Photo by MAJ Chris Patterson
John Merlette of the Utah Guard’s 1993rd CCT, left,
observes a U.S. Army Engineer explain a statement of
work to local vendors in Kosovo.
Germany — The 409th Contracting Support Brigade might as
well spell training with a capital "T" because it is
such an essential factor to their success. The 409th CSB
serves as the executive agent for expeditionary
contracting in the Balkans and its 903rd Contingency
Contracting Battalion provides a continuous
boots-on-the-ground presence at the Camp Bondsteel
office. Additionally, the Army National Guard, which
rotate contingency contracting teams through the Kosovo
office, provides vital workload assistance.
Since the ARNG CCTs nine-months deployments do not
afford the luxury of easing into the work, intensive
contracting-specific training becomes imperative.
"Our part of the Kosovo peacekeeping mission is 24/7,
365 days a year, and we have the responsibility to
ensure the office is manned with teams that can execute
our missions from the get-go," said Lt. Col. David Hosna,
the commander of the 903rd CCB.
The 1993rd Contingency
Contracting Team, a four-person ARNG unit from Utah,
recently completed their training with the 409th CSB's
Regional Contracting Office, Bavaria and relieved the 1933rd
Contingency Contracting Team from California at Camp
"The Utah team was able to see joint multinational training
operations as well as work in a contracting office with
seasoned contract specialists who are proven practitioners
at providing training and reach-back support to deployed
contingency members," said JoAnna Lovett-Black, the chief of
the 409th CSB's RCO Bavaria.
In addition to formal classroom instruction, the more than
120 training hours for the Utah team incorporated
real-world, hands-on components in order to provide team
members with the competencies required to execute commercial
and construction contracts, she explained.
Photo courtesy of MAJ Chris
of the 1993rd Contingency Contracting Team
their active-duty counterparts in Kosovo in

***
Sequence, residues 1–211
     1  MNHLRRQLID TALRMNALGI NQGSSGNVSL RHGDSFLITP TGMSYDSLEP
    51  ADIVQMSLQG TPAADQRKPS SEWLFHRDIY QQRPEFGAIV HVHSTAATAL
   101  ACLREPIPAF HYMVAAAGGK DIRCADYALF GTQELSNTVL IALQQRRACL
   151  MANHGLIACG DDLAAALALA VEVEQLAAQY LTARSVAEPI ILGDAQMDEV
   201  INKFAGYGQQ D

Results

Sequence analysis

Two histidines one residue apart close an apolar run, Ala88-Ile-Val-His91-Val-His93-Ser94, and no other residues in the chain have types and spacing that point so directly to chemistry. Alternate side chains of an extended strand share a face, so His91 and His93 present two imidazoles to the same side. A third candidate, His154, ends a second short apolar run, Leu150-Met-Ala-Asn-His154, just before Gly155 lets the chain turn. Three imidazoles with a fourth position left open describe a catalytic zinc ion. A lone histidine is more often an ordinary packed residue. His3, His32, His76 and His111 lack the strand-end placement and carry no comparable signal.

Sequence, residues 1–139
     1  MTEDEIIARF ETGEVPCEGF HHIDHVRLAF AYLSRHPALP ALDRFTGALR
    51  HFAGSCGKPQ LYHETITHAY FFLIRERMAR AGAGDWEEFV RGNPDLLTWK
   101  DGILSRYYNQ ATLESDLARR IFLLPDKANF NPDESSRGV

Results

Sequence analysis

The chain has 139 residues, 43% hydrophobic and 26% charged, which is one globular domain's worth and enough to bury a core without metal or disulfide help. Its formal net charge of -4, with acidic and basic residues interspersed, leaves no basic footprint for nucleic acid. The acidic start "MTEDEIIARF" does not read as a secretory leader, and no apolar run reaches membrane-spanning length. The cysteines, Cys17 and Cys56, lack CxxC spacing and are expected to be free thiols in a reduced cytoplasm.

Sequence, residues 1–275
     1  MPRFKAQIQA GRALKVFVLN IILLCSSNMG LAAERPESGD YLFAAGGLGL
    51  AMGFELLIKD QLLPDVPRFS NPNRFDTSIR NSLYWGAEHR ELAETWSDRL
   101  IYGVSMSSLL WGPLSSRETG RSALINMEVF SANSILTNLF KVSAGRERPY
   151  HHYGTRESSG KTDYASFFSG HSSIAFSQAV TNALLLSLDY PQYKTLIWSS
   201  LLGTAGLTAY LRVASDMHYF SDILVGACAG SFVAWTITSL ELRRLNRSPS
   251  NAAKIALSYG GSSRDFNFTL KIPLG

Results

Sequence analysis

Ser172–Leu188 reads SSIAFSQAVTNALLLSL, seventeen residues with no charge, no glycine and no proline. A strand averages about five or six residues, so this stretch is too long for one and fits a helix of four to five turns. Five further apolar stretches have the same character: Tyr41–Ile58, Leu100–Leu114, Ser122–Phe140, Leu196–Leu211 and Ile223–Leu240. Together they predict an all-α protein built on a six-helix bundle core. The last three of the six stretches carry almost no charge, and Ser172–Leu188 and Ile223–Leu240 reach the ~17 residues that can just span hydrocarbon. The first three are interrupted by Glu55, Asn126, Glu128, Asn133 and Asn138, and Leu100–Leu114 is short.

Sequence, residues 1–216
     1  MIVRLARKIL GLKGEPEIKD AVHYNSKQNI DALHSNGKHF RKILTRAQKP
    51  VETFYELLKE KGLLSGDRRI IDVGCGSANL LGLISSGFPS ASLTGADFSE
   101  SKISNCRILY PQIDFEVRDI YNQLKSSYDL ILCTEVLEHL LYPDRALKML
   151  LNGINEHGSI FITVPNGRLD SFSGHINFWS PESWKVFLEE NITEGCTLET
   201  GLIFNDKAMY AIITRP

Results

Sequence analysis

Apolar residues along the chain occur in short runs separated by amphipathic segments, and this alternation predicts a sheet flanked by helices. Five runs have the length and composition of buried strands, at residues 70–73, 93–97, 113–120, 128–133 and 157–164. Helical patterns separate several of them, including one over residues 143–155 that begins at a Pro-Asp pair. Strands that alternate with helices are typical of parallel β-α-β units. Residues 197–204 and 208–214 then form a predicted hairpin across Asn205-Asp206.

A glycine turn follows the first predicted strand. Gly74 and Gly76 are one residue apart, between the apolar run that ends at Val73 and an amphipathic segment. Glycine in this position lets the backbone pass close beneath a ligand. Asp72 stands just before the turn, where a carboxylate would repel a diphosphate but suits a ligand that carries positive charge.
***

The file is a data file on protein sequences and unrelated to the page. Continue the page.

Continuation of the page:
Hosna and Lovett-Black
agreed that it is critical to assess the competencies
and capabilities of the incoming team members
"Some of the team members come with prior experience
from the business world or they currently work at a
purchasing office ... we have the flexibility to adjust
our training scenarios and assigned tasks to reinforce
those areas and skills and focus our training where it
is most needed," Lovett-Black said.
"It's a huge challenge. In addition to being technically
proficient in expeditionary contracting, contracting
professionals must be good stewards of taxpayer money
and procure the services and supplies at the best value
possible," Hosna said.
The Kosovo contracting office executed commercial
contracts for services and supplies to support the
Kosovo task force and humanitarian assistance projects
within the European Command area of responsibility for
more than $22 million during the 2009 fiscal year. The
approximately 124 contracting actions ranged from
resurfacing the helipad to janitorial services to
procuring personal protection equipment, Hosna
explained. Nonetheless, the members of the 1993rd CCT
are confident in their ability to execute their mission.
"Our training at RCO Bavaria has been on point in many
significant ways. The coordination with the incumbent
ARNG CCT was important, and RCO Bavaria arranged for two
members (one from the California CCT and an active duty
CCT member) to provide relevant training on current
issues and expectations for the office in Kosovo. We
leave feeling confident in our skills and knowing that
an umbrella of long-term assistance is only a phone call
away," said Maj. Chris Patterson, the commander of the